Friday, 10 September 2010

Another Tyring Day

It was meant to be one of those short and simple 45-mile rides. A leisurely endeavour, where sweat isn’t broken and heavy breathing would be a distant afterthought. At first, everything was as expected. A chilly yet comfortable 9°C, a dull English mist clinging to the tops of the tall mountains, clouds inanimately buoyant in the sky, blocking the Sun’s every effort to scorch the ground, and a light prevailing west wind gently encouraging us along our way…perfect cycling conditions.

The terrain wasn’t ideal but who cared? Having experienced the dizzy 8,500ft climbs of New Mexico, the near vertical ascents of California and the mammoth expeditions over the Passes of Washington, we felt comfortable with the challenges of today. The problem was ‘Hernia’. And no, that isn’t the unfortunately named young girl we met on the road in Saranac who decided to join us on our ride today, or the laughing dogs you’ll find hunting Antelope on the African plains, but the painful bodily condition that’s plaguing Anthony’s progress up the steep hills. Just in case anyone’s worried, don’t be. Anthony’s now taking the advice of Bob (the Veterinarian we met in Port Hope) and is sleeping on his back with his legs in the air to help minimise the adverse affects…can you confirm David?

So with Kat cycling with one leg tied behind her back to keep the steady (slow) pace, we cruised up and down, up and down, up and down, across and over the mountains of the Lake Placid area aka Essex County. All was going well. We stopped every 15 miles to rest, eat, and buy anti-chafing cream: DZ-Nuts for him and DZ-Bliss for her’nia (sorry couldn’t miss that joke opportunity). Our second stop involved stopping at High Peaks Mountain Adventures to order some new tyres for Trusty and Steed. We stayed a little longer than planned but enjoyed chatting with Bob and Alex …thanks guys for your help. Our next rest stop, after a great 43mph downhill section and gut busting 6mph uphill section, was in a place called Elizabethtown. We stopped for drinks and a comfort break and met Rose who is a trained concert pianist and has enjoyed a few cycling tours of her own. We also met a lovely guy called Pete whose story touched our hearts …wishing each of you all the best.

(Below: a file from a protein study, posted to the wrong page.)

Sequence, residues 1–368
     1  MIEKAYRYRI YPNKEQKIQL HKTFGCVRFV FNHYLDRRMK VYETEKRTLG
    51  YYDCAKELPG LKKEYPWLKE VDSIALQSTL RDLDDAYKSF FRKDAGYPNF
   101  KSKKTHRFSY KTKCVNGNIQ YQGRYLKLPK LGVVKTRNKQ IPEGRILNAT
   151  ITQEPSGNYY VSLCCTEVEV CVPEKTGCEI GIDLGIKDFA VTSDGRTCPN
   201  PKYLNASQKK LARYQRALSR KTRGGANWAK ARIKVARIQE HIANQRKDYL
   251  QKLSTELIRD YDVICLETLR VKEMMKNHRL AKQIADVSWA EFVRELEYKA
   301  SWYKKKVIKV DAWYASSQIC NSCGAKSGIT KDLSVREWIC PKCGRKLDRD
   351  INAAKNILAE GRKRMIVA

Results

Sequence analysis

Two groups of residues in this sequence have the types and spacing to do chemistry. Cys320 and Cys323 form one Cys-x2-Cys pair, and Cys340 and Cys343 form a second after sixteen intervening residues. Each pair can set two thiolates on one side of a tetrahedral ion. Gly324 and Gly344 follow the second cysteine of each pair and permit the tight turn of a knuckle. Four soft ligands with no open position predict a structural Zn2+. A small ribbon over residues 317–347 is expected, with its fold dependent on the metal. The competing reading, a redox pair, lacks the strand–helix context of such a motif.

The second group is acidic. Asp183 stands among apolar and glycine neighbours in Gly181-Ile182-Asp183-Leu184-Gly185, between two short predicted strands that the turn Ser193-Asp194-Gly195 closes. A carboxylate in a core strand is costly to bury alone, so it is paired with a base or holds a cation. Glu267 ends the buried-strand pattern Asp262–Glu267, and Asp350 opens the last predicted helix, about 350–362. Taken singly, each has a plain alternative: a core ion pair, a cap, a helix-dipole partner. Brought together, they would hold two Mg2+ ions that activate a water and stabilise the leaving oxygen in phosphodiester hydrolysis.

Our final leg, before arriving in the beautiful town of Westport, NY and the wonderful B&B, The Inn on the Library Lawn, required just one more 200ft climb. And it was at that precise moment, half way through the climb that Anthony suffered another tyre side-wall failure. It’s a very dramatic and sudden event, and we are both grateful that it didn’t happen during our 43mph descent earlier in the day. If it had, this blog would have been signed ‘Kat x’ and not ‘Us x’. So, thanks to the cycling Gods, we are still with you today. With the tyre patched up in true Blue Peter fashion (sticky-backed plastic) and inner tubes replaced, we limped downhill into Westport and our B&B to meet a different Anthony, the owner and a great host.

After freshening up, we decided to treat ourselves and have a slap up meal at the nearby French restaurant. Veal was on the menu but after seeing yet more Veal Crates a couple of days ago, we decided to have the bloody beef instead.

Us x

1 comment:

  1. So I know ya'll likely ended up having to settle for a set of tyres that weren't your preferred, but what kind had you chosen to order? I wore through my first rear tire at 1450 miles in eastern Wisconsin - I guess 80 pounds of gear will do that! (Finally had a chance to weigh it all, you were right Antony - it was definitely more than 60!)

    Picked up another spare, whatever I could find with a Kevlar bead, but seems like I'll likely need at least another rear and possibly a new front tyre by the time I reach north California and the end. I might not remember to check back here for comment so ya can email too: